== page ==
This veteran Chicago journalist is using an email 'newscast' to keep people informed

For Charlie Meyerson, the word "aggregator" feels a bit bloodless.

"It suggests a mechanical process," he said.

But there's nothing mechanical about what he does every weekday morning. Meyerson, who previously worked at Chicago's WGN and the Chicago Tribune, scours the news for bits and pieces to share and compiles them in a daily newsletter, Chicago Public Square.

"It's something I've really done my whole career, this newscast concept," he said. "Here are several stories we think you'll find interesting and relevant, presented for your consideration. The internet, and Chicago Public Square in its present format, allows us to be far more ecumenical."

Meyerson's also the vice president of editorial and development at Rivet Radio, and he runs a media consulting business. But he starts his mornings gathering local and national news. He posts write-ups of that news on Chicago Public Square, and at 10 a.m. each morning, he uses MailChimp to scrape the site for the day's newsletter. It currently goes out to 937 subscribers with an open rate between 40 and 50 percent.

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Meyerson hasn't focused much on growing subscribers except through word of mouth, and he's not trying to make money from it yet either other than the occasional ad.

It's also, in his opinion, the best way to reach people directly. And what works in newsletters is what's always worked best in journalism: Be clear and concise, don't waste people's time, offer them something of value.

"I think email is the killer communication channel of our time," he said. "It's free of the algorithms of Facebook, Twitter, Instagram and Snapchat."

Meyerson isn't the only journalist at the local level to start an email newsletter as a side gig. In Naples, three investigative journalists offer a weekly roundup of local investigative work. And in Virginia, a public safety reporter picks two cities a week and dives into their reporting.

But most newsrooms are squandering the opportunity that email offers them, Meyerson said. It's not expensive, and anyone can do it.

"If one guy at his kitchen island can do this in a few months," he said, "what could a larger organization do?"

I asked Meyerson to share some tips for getting the most out of newsletters. Here's what he recommends:

Tips for launching an email newsletter

Do’s:

  • Have a clear idea of your mission. One of the joys of email is that it can be as long as you’d like. Knowing early on what fits and what doesn’t helps establish your brand — and provides useful boundaries to keep you from going nuts.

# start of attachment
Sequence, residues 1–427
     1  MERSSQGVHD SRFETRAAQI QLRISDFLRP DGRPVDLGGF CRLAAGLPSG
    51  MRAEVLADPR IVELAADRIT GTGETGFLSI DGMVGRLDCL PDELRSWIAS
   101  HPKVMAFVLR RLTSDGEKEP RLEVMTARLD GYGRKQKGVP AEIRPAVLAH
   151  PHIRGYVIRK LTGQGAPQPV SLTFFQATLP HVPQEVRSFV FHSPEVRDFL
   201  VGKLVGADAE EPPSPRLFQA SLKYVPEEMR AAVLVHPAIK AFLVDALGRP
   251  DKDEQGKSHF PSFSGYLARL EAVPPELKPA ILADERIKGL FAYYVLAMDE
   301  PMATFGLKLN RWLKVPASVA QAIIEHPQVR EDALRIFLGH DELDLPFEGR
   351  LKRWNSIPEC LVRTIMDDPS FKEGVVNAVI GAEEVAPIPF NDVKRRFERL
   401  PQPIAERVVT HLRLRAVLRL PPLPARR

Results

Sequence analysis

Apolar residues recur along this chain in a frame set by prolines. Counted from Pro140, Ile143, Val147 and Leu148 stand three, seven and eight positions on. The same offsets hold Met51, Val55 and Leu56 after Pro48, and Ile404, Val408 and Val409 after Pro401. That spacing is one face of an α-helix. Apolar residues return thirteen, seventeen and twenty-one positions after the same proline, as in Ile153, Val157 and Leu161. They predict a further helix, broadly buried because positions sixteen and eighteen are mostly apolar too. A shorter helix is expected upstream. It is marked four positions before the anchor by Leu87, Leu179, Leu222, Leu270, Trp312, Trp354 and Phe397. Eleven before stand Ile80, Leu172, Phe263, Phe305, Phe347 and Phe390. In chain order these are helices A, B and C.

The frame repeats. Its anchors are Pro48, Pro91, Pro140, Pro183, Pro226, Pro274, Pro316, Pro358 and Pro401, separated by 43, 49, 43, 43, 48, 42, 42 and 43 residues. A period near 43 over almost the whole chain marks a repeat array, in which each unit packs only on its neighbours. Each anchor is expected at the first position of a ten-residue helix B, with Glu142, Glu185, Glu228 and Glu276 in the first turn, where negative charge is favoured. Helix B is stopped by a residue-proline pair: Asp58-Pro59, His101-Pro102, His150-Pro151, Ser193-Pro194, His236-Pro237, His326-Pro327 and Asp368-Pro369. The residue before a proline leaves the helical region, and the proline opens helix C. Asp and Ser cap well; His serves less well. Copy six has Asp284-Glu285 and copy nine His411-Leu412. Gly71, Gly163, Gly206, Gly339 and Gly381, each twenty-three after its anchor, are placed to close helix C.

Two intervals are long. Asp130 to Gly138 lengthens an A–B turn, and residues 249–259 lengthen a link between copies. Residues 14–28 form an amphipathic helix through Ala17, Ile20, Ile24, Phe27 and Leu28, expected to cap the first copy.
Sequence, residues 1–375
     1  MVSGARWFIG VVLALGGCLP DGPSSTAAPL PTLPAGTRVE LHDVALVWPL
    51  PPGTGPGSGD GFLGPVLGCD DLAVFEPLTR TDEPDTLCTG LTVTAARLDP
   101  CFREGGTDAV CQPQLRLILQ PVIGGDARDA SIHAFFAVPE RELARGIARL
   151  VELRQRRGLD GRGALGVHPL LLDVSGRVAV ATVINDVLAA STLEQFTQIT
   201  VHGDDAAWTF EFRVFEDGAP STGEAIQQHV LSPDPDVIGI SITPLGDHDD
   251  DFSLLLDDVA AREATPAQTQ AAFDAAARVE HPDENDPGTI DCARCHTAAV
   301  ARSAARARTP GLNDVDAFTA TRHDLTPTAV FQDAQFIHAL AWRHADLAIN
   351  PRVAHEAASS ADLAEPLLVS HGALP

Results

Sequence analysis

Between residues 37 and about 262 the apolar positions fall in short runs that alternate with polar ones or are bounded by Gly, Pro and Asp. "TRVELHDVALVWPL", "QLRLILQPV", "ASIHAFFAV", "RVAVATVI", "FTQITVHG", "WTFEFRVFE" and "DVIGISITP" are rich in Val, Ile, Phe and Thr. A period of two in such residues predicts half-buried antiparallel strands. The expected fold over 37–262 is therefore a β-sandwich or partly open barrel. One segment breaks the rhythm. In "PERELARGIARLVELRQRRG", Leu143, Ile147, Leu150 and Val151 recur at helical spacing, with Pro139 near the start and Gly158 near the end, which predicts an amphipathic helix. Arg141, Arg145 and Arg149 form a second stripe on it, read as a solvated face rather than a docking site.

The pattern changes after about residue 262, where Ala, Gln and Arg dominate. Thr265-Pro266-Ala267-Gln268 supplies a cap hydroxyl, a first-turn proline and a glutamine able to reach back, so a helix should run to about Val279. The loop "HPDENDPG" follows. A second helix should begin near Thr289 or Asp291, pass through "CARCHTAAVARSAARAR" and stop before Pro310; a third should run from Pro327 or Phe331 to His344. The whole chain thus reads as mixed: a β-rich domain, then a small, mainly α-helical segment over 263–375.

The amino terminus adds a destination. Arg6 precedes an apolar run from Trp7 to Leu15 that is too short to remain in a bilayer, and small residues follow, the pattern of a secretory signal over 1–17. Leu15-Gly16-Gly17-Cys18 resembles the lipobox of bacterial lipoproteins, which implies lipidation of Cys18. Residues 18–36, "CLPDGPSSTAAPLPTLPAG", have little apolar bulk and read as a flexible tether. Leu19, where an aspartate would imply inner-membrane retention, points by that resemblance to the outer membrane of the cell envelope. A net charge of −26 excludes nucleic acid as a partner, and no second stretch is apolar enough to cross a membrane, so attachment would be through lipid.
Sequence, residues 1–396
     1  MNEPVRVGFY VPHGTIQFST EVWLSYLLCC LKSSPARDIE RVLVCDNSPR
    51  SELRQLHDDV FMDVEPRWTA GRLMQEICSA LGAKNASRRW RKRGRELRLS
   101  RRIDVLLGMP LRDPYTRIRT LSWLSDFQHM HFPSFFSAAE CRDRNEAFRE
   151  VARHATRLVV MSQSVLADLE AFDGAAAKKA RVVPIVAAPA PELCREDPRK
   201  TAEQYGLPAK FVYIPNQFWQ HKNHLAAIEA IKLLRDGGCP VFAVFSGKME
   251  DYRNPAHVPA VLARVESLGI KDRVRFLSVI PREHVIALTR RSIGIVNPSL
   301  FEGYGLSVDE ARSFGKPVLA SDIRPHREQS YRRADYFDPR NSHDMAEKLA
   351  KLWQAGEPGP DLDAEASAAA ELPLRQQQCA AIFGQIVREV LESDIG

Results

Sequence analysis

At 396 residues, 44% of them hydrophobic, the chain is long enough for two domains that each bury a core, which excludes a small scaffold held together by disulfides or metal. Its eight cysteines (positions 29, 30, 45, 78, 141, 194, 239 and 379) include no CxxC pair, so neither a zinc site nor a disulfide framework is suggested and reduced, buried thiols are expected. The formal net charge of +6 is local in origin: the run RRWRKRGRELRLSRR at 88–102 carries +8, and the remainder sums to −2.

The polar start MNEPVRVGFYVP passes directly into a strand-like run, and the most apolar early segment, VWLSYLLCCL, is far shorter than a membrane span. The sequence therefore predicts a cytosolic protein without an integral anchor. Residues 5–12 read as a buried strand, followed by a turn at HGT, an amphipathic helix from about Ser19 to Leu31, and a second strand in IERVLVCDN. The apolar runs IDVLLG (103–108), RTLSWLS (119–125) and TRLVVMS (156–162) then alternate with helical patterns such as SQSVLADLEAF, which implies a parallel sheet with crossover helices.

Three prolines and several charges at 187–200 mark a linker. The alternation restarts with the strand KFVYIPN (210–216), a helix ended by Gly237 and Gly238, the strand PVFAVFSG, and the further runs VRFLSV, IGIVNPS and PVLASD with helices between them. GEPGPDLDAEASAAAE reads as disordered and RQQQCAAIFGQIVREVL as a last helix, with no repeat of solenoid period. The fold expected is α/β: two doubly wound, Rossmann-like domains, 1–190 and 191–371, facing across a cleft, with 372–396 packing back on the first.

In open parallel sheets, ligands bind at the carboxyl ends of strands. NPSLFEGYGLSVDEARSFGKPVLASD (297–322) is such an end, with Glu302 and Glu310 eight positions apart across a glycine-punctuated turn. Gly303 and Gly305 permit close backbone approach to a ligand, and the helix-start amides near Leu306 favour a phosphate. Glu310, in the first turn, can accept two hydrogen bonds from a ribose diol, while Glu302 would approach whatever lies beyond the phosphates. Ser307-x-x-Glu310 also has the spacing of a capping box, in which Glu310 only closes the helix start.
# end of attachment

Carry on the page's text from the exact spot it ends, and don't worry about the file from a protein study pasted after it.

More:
• Make sure your "from" field is clear and compelling. It determines whether anyone opens your email.
  • Put your most interesting words at the start of your "subject" (headline) field. If your subject line’s boring, all the work that follows may go for naught.
  • Include multiple links in each dispatch. Even — maybe especially — if you’re sending readers to off-site content, the relative popularity of those links gives you valuable intel.
  • Track your metrics religiously — at least daily.
  • Watch for engagement patterns within individual issues.For instance: If one link is highly clicked within a cluster of poorly clicked links, your audience is telling you that either the subject’s of greater interest than you expected, or you did a less-than-optimal job of presenting the surrounding material. Or if one link is poorly clicked within a cluster of highly clicked links, your audience is telling you either the subject’s of lesser interest than you expected, or you did a less-than-optimal job of presenting that material.
  • Use social media shamelessly to drive sign-ups. Your roster of Facebook friends is especially valuable in building a core audience.
  • Stick to one responsive-design column. Smartphones render multi column email indecipherable.
    Don’ts:
  • Don’t duplicate your "from" field in your "subject" field.
  • Don’t waste "subject" field space with the date. Email software tells your subscribers when you pressed Send.
  • Don’t capitalize every word in your subject line. Engaging, concrete words — proper nouns — get lost that way.
  • Don’t give away the whole story within your email. Approach each item like a long headline. Aim to give readers enough to make the email itself a satisfying experience while also giving them reason (a “curiosity gap”) to click to learn more.
  • Don’t worry about dispatch frequency. One of the joys of email is that it arrives when it arrives. Because everyone checks an email inbox all the way back to the last time, your email will be seen. More important: Make sure every issue is rewarding.
  • Don’t use images for images’ sake. If they’re not vivid and compelling at smartphone screen resolution, they just waste space and push down more actionable content. So lose that hulking masthead or logo at the top of your email. People don’t open email if they don’t know who sent it, and your From field will have made that clear. Don’t make readers scroll any more than necessary to get to the good stuff.

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